When to invest in a Cost Center
There is an opportunity cost to being alive
Time is not infinite. If you are focusing on your cost center you may be neglecting your profit center, yet there are definitely moments when the investment is worth it.
- When the Cost Center deficiencies become a distraction: if your business does not have electricity or your employees are lost in confusion and chaos then it seems much more challenging to expect your Profit Center to succeed.
- When the Cost Center is a strategic differentiator: it helps create the moat that others cannot cross. As an example: Amazon began offering free shipping (and escalating into 2-day, then 1-day, then hours etc.), which certainly costs a lot to do. Yet it reduced friction to purchasing (and enabled the very profitable Amazon Prime subscription service) which increased sales, strategically raising the bar for competitors to "have a digital platform for buying things". https://www.vox.com/recode/2019/5/3/18511544/amazon-prime-oral-history-jeff-bezos-one-day-shipping
- When the Cost Center will become your Profit Center, see Slack's business pivot away from creating an online game (presumably for profit) into collaborative realtime messaging (an internal tool that cost them money to build and operate). https://mastersofscale.com/stewart-butterfield-the-big-pivot/
- When you need to explain to an Investor (present or future) that you are not wasteful, i.e. efficiency as a proxy for smarts/effectiveness.
- When you have revenue but your cost center is creating a risk to your cashflow, e.g. you are spending so much it seems unlikely you will be able to last long enough for your profit center to profit.
TODO: add more good reasons, but do it later to avoid over-investing in a cost center ;p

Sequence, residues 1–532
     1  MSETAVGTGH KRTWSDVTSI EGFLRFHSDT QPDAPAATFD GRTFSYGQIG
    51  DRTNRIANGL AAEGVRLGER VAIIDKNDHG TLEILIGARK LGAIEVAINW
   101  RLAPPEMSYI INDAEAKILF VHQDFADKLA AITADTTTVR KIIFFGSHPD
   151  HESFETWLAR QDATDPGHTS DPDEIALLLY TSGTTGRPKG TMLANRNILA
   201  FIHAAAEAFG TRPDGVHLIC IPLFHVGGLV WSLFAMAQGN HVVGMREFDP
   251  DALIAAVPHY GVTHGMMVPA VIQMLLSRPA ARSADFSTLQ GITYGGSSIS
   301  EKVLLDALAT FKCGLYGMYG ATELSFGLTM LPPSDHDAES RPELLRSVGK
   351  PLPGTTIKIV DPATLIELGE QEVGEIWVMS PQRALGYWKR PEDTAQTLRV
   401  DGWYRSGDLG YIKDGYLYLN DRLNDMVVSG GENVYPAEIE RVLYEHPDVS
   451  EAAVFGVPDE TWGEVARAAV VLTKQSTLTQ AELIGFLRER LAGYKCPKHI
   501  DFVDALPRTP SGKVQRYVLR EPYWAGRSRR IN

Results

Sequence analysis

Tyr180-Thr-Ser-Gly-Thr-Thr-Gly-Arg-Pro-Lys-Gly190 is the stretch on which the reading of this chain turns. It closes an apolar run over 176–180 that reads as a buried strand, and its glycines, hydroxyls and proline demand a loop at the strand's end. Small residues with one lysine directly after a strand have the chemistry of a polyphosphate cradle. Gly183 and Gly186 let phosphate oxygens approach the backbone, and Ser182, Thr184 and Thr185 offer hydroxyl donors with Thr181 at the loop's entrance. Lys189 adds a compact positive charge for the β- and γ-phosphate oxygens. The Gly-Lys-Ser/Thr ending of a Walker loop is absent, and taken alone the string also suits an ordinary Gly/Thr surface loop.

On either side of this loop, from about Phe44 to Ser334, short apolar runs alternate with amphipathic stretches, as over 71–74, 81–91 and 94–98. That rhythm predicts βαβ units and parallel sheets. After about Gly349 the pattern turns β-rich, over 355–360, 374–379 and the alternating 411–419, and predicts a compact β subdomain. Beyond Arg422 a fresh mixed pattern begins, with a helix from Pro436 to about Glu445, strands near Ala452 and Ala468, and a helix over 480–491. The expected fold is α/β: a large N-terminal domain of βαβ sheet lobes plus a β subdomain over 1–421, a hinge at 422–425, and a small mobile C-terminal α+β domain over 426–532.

Bad Cashflow versus Bad Business
A bad business model will lose money until it is all gone. Interestingly it is possible to have a good business model and still go out of business.
Bad cashflow can kill a good business: you owe more money in a given month than you can pay your creditors and they want their payment now. Over a longer time horizon a good business model would have made everybody more money.
Infinite time horizons are often similar to ponzi schemes where someone has to keep being the "new sucker born every minute".
Thus the stereotype of a business person being conservative and frugal; they're controlling their cashflow, earning through profit over time.
Contrast with a stereotypical "great entrepeneur" who takes risks and creates profit.
Both approaches have the potential for being a bad business.
How can you discern when "losing money is fine"? There's the usual routine of examining timelines (months and up to a few years - further than that and your crystal ball is the "Profit Center"), then considering risks, growth projections, competition, etc.
One simple technical approach is to see how much improvement can occur to the Cost Center and the impact on the Profit Center.
If you can invest and immediately improve your cashflow then you have a straightforward plan for improvement.
As mentioned earlier, a bad business model does not have a Profit Center. Having no positive cashflow may be something that can be fixed.
Should you work in a Cost Center?
Sensibly a business needs to create revenue and reduce costs, so someone needs to work in the "Cost Center". If you are irresponsible and careless it seems unlikely you will be successful in a Cost Center.
- You may genuinely enjoy innovating on efficiency; the larger the scale or harder the problem then potentially the greater the impact.
- The company may have a cashflow issue and working in the Cost Center may save the company.
- It may be that the opportunity to join a growing/successful company is in the Cost Center; don't look a gift horse in the mouth. (A rising tide lifts all ships).
- Sometimes working in a Cost Center is a way to learn the foundations of a business - where are all the dependencies that created the situation for profit?
- In the "DevOps" (and TDD) culture there's a deliberate attempt to remove the artificial silos that would have created a "cost center" (like QA or Operations) in the first place by distributing the work (and automating the toil); everybody should work in a Cost center!